SOUTHERN CALIFORNIA: Where we have 2 seasons...winter and summer. Its either (what we think) freezing cold or hotter than the Shara desert. Whats even more of a struggle when it comes to these two extremes? Helping our horses along with the transitions.
I get a lot of questions to clip or not to clip when it comes to horses and I always say it depends on the horse and the discipline you are choosing to ride or specialize in. A lot of hunter/ jumpers clip for the clean sleek look while competing, while barrel racers clip to prevent horses from getting tot hot while working.
When it comes to photographing clipped horses? I always say YAS! You'd be surprised how far clipped ears, muzzles, and fetlocks can go when viewing your gallery! So if you're deciding to clip and need help perfecting your clips, here are five horse clipping tips for you this winter:
1. The first step to giving your horse a perfect clip is to make sure your horse is clean.
I don’t mean just hosing your horse off and throwing him back in the stall to then roll again; I mean bubble bath, scrub, and blow dry. Really scrub your horse’s coat to get the dirt and sand out (I always love scrubbing mitts for this!). Rinse your horse really well, and get all of the water out with a scraper or squeegee, and then let them completely dry.
2. Now that your horse is dry and prepared for clipping, must make sure your tools are ready for a 2 to 2 ½ hour clipping session.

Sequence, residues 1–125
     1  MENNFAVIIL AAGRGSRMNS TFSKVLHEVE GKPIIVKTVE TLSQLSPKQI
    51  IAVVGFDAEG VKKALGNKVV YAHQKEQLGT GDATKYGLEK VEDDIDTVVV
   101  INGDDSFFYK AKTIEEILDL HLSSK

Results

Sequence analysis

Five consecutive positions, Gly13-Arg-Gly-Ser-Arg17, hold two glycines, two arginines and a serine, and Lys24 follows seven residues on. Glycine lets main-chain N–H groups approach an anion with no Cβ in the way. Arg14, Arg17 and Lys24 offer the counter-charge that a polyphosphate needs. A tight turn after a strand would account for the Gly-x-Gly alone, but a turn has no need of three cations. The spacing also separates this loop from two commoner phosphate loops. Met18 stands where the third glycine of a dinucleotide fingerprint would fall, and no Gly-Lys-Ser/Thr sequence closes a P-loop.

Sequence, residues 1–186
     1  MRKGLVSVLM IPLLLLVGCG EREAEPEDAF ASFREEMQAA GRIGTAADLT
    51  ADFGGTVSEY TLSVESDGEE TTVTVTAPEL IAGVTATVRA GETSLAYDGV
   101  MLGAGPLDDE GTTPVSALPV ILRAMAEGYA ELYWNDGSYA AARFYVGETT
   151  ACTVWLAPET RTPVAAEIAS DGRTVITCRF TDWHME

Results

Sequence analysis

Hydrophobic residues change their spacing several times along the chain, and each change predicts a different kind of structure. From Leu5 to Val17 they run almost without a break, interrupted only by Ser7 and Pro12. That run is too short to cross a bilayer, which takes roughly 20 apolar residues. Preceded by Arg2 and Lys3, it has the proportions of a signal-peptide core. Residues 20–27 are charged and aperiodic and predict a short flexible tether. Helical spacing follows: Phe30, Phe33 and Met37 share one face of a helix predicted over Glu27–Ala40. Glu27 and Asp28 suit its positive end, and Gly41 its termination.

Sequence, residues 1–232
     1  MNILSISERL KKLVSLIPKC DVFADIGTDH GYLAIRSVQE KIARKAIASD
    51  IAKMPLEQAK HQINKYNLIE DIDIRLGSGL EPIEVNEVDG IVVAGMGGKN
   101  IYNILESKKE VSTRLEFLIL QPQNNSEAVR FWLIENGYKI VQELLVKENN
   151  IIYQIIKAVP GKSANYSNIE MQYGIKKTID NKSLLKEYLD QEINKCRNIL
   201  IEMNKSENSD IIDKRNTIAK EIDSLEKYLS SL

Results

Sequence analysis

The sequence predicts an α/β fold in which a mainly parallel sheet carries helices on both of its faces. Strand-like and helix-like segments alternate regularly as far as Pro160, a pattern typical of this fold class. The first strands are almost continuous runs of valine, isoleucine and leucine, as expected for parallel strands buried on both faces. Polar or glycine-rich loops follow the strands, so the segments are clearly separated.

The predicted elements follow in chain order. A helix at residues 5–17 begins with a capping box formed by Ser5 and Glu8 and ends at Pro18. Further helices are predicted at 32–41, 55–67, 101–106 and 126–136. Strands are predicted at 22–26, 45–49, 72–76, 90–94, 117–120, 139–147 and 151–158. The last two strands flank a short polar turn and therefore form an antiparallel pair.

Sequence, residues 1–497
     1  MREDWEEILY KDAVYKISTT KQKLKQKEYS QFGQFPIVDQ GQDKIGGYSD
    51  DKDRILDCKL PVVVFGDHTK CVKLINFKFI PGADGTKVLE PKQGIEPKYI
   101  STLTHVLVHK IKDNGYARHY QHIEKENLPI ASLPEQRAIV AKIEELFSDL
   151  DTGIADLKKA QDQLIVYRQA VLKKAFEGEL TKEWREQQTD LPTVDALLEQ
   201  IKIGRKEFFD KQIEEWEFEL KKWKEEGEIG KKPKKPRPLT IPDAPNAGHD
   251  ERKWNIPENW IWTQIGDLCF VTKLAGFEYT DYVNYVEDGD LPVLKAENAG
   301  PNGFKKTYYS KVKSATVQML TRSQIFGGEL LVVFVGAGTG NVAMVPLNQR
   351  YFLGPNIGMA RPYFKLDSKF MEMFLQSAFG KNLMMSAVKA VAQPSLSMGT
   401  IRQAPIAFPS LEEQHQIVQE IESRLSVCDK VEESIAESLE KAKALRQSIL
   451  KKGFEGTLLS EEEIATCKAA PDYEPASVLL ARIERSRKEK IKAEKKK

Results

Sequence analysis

Start with a fresh set of clipper blades. If your horse is clean and you take care of the blades properly throughout the clipping, they should last about 4 to 6 horses. Make sure you oil your blades every 15 to 20 minutes and only use the cool lube sprays twice per session: one time when you are finished with one side of the horse, and once when you are done clipping to clean the blade and to disinfect before using on another horse. If you over-use the cool lube sprays, you will gum up the blades and they will not perform as well. Oil is the key– just like the engine in your car needs oil to stay cool, so do your clipper blades. For the ears, muzzle, and detailed work of clipping, I love using a cordless adjustable blade clipper. They are quiet, and the horses seem to like the smaller clippers for the sensitive areas, which means that I have more success with less restraint of the horse.
3. Once you’ve started clipping, you need to make sure that there are no lines.
Go with the hair and then go back over the same area against the hair for no lines. If you have lines that just won’t go away, you either haven’t oiled your blade enough or need to replace your blade drive in your clippers.
4. Clipping can be exhausting for you and your horse. Its good to take breaks and sometimes so does your horse.
If the horse gets antsy and won’t stop moving, it usually means it has to pee, or that it is feeding time. Don’t force the horse to stand there just because it is inconvenient for you to take a break. It is better for your safety and the safety of the horse that you pay attention to their actions. If it is feeding time, don’t force them to miss their feed while everyone else eats because they will just make you mad by not listening. If you allow the horse to have a break, they will be happier and associate you with a good clipping experience. A good clipping experience for the horse means a better clipping outcome.
5. You Finished! Congratulations! Double check over your horse to make sure you haven’t missed any areas.
Did you get the bridle path, sheath area, under the tail? Is your triangle above the tail even, did you clean out the ears?
Clipping your horse is a very unnatural thing for them to experience. If you have a horse that is nervous for clipping, work on desensitizing them to the clippers and feeling before fully committing to a full body clip. If you are still having issues consult your veterinarian to see if it has to do with their skin!